7. Elise Laird (Ricochet, by Sandra Brown): You never know what a person is like just by looking at them. This is especially true for Elise. With supermodel-like beauty, a dubious past, and a marriage to a wealthy judge, people jump to the conclusion she’s a gold-digger. No one knows Elise has different intentions. She married the judge to try to fulfill a noble quest. When things go awry, Elise turns to the help of a cop who caught her eye. To her chagrin, he doesn’t believe her. I admit I had trouble believing her. I found the woman hard to read. One moment, she seemed good, and on another, I thought she was one of the bad guys. I only believed in Elise near the end of the book, and even then she pulled a stunt so convincing it had my mind in knots. You may just ask yourself, “Who is she, really?” many times as you read.
8. Josh Hollows (Pieces of Truth, by Angela Richardson): This is another example of the kind of character who surprises you. There is such a revelation at the end of the book. Who would have thought Josh would benefit from something he came across years ago? It makes him look like such a smart-ass. Josh gets away with what he wants, and then some. I never saw through him until he revealed his secret. Unfortunately, if I say anything more I’ll give Josh away. I don’t want to spoil his surprise for you.
9. Samuel Edwards (Always Remember, by Emma Hart): This is a fun character, and well fleshed-out. And his nickname, Bing! When I first read that, I thought Emma Hart had nicknamed him after a search engine. I’m still not entirely sure what the nickname really means, but it must have something to do with Samuel’s promiscuity. He dates girls faster than kids go through cookies. Despite that, Samuel is in love with Jennifer Mason, his sister Lexy’s friend. They’ve known each other for years. It takes Sam a great deal of effort to win Jen’s love and trust, but it’s well worth it. I admire him for that. When your forever girl is involved, you just can’t give up.
10. Rachel Knight (Guilt by Association, by Marcia Clark): This book is the first by Marcia Clark, and I liked Rachel’s character from the start. She’s an assistant D.A. from Los Angeles. When we meet Rachel, she comes upon the news that her colleague Jake has been found dead. Now, Rachel must take over his toughest case. However, she also takes it upon herself to find out how and why Jake died. Assisting her is best friend Detective Bailey Keller, a tough woman to cross at your own risk. Rachel Knight grew on me more when I read the second book, Guilt by Degrees. She takes up a case she didn’t have to take, in order to help a man most people wouldn’t have given a damn about.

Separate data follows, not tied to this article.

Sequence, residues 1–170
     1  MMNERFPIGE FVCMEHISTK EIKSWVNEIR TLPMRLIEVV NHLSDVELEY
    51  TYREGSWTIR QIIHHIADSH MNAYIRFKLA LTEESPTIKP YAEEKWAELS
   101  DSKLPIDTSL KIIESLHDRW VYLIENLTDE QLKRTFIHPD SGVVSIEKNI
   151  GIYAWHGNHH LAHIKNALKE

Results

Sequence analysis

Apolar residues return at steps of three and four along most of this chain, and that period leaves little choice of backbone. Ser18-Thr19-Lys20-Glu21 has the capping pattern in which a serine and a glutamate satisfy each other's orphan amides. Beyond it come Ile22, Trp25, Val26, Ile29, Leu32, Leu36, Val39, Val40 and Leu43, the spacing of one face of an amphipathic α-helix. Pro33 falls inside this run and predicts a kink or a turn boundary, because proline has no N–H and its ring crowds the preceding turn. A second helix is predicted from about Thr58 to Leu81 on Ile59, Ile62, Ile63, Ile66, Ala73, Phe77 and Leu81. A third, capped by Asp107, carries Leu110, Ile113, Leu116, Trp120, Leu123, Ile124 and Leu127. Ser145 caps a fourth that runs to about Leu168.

11. Joclyn Despain (Kiss of Fire, by Rebecca Ethington): This character’s kind of like Katniss Everdeen meets Harry Potter. She’s a seemingly normal girl who suddenly finds out she has powerful magical capabilities. Not only that, there are some who will rely on her to save the magic world. That’s a lot of burden to put on someone’s shoulders. And I think Joclyn handles it admirably. She never really breaks down, even when her boyfriend’s mind is erased. Despite the walls Joclyn had built around herself, I found her a likable character. She would make a great friend. And I found her story better than that of the Mortal Instruments, which some people are comparing to the Imdalind saga.
12. Sky Stone (The Profiler’s Daughter, by P.M. Steffen): This book is a hidden gem; don’t let the insipid cover fool you. Sky (full name: Skylar Winthrop Stone, which I liked and found impressive) is a psychologist and police consultant following in the steps of her father, legendary FBI profiler Monk Stone. She has just come back from a self-imposed exile after she had a sad experience. Not long after entering a recent murder case, Sky finds herself fired. What’s worse, her recent depression doesn’t lend her credibility when she tries to convince her team who she believes the culprit is. Sky will have to rely on her detective skills and steely determination to solve the case. She goes far and beyond her abilities to bring justice. Sky’s conviction and her refusal to give up make her one of my favorite characters. I hope there is a sequel to this book.
This is my last post of 2013. Have a Merry Christmas, and a Happy New Year! See you next year. Thanks for joining me in my writing career.